Sitting in my comfortable home with plenty of food just a few steps away, it’s hard for me to imagine the hardships of the early pilgrims who landed at Plymouth Rock November, 1620. The conditions must’ve been horrendous, both on the Mayflower and in carving out a settlement in the dead of winter.
One hundred and two passengers set sail from England in a cramped ship that had little room for breathing, much less eating and sleeping. One adult male died enroute. But one child was born during the long voyage, a baby boy who was named Oceanus.
An unmarried passenger, John Howland, fell overboard during the voyage and was miraculously rescued. Here’s an odd fact—if he had drowned, we wouldn’t have had President George Bush Sr., President George W. Bush, President Teddy Roosevelt’s first lady, or Humphrey Bogart. They directly descended from John Howland. How wild is that? I’ve always heard that only six degrees separates each of us. Must be true. Five years after arriving in Plymouth, John married Elizabeth Tilly who had lost both parents within a few months of landing. John and Elizabeth ended up siring ten children and 82 grandchildren before they died.
Also John Alden, another on board, was a descendant of John Adams, John Quincy Adams, and Vice President Dan Quayle. Seems these pilgrims contributed quite a lot to the presidential office!
But back to their arrival in November, 1620, you can imagine how glad they must’ve been to have seen land. I know how squirmy I get in the car during a four hour trip. These people endured 66 days of nothing but water and pounding, gigantic waves. Most of the time, seawater soaked their bedding and clothing. It would’ve been extremely difficult to stay dry. Seeing that shoreline could only have renewed their hope. They just didn’t know what lay in store for them and how much strength and determination it would take.
In four months over half of them died. By March only 47 colonists were left. By the time they saw November, only four adult women out of eighteen who started out had survived. It’s a proven fact that none of the colonists would have made it if it hadn’t been for the generosity and compassion of the Native Americans who provided food and taught them how to live off the land. Oh, the thanks the settlers must’ve given!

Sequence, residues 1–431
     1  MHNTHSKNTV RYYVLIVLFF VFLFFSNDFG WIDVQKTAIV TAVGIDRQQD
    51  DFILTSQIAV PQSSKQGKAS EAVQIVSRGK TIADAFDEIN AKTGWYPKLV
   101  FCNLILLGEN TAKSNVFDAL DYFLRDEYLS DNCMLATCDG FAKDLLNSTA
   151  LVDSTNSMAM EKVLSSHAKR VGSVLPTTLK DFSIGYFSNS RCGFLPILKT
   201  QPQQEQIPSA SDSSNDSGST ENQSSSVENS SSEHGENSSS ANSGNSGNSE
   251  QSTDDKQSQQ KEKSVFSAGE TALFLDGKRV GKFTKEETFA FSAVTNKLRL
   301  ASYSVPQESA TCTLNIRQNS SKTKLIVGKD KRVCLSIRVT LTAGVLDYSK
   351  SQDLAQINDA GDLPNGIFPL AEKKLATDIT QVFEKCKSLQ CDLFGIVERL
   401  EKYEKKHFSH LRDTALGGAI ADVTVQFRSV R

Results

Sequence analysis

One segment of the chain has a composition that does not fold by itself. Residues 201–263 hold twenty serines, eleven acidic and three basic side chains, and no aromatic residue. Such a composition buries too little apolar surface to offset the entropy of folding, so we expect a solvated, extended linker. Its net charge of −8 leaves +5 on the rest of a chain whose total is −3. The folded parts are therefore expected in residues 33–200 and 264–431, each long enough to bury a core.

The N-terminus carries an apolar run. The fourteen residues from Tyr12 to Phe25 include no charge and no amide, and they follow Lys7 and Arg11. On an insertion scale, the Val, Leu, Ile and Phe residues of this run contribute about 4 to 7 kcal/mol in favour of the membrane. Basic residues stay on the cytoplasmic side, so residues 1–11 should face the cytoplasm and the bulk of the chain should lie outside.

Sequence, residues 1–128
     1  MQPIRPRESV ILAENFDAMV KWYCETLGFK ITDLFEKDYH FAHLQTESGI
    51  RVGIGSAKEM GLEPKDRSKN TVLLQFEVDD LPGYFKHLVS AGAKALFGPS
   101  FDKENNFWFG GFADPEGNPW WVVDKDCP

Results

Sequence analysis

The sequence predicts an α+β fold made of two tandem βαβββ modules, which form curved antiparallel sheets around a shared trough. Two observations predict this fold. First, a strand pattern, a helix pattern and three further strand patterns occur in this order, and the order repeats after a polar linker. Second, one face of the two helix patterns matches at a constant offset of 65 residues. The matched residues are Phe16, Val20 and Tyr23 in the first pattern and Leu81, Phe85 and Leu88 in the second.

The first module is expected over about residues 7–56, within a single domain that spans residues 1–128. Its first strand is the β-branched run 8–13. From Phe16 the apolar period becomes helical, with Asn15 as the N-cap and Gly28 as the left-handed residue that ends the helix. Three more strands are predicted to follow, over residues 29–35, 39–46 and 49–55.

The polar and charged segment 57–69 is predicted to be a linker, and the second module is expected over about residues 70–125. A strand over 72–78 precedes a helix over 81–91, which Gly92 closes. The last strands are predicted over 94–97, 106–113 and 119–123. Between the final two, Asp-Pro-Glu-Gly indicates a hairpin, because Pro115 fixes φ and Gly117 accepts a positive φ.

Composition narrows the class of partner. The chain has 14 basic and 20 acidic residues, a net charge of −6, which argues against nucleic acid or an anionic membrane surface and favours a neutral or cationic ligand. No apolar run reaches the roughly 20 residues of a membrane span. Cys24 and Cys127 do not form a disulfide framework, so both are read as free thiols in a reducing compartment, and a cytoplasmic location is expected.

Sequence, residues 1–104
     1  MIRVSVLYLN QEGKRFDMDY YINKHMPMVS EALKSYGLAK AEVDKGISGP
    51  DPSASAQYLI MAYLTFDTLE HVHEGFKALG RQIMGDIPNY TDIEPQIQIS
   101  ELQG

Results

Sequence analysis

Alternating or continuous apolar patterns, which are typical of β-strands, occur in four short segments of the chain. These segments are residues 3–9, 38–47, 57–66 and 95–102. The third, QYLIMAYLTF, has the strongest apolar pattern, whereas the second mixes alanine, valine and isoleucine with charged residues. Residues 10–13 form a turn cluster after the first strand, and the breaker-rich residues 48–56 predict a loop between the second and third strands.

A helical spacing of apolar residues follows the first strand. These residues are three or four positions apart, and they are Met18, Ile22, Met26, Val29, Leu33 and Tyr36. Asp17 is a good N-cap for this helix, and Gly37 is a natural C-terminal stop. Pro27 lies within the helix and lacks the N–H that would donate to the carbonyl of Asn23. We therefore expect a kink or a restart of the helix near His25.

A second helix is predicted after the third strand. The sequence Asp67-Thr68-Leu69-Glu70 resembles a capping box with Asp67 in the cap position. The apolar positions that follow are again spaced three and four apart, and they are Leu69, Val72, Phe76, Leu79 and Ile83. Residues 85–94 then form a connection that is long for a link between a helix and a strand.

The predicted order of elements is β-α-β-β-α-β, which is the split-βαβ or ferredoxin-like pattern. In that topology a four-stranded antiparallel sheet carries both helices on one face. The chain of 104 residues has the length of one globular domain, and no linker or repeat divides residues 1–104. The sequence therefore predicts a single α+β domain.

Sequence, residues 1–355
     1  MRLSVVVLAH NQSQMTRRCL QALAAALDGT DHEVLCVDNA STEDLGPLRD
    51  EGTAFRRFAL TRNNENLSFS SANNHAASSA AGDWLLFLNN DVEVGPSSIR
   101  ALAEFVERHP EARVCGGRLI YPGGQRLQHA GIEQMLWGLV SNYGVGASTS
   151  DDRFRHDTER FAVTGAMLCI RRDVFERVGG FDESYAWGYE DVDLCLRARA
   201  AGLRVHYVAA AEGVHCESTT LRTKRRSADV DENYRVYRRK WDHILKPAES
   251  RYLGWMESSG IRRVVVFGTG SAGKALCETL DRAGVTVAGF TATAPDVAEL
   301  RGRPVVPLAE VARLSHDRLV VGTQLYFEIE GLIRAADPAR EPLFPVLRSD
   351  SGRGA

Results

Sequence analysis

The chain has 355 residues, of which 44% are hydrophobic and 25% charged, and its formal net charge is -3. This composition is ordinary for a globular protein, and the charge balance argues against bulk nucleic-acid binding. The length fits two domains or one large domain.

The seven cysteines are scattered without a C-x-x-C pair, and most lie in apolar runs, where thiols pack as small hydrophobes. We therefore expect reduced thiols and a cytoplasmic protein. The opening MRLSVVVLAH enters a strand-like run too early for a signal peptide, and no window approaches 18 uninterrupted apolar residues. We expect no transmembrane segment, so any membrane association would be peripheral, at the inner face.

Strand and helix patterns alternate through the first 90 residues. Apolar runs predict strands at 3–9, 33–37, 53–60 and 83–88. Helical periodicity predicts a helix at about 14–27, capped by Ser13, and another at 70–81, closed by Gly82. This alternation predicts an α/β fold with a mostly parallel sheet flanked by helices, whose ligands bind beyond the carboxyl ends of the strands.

In November of 1621, Governor William Bradford of Plymouth Colony declared a day of Thanksgiving and prayer to celebrate the pilgrim’s first harvest and that was our first Thanksgiving.
From written account, they had roasted venison, turkey that was probably boiled or stewed. And for vegetables, squashes, carrots, cabbages and onions. They had no potatoes at that time. Corn was probably in the form of meal and not on the cob and used to make bread. Pumpkin, if they had it, was cooked into a pudding and not made into a pie. Honey and maple syrup was the only sweetener available. They had no cranberry sauce either. It wasn’t the most scrumptious feast, but I’m sure they were grateful for each morsel.
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Now we get to celebrate it again this Thursday. I hope when we sit down to our heavily-laden table that we remember the pilgrims and their Native American friends—their sacrifices and the resiliency of the human spirit. It’s a time to give thanks for what we have and a time to remember our service men and women who are far from home.
I’m thankful for freedom to come and go as I wish, for the food I eat, and especially for the love of family and friends. What are you thankful for?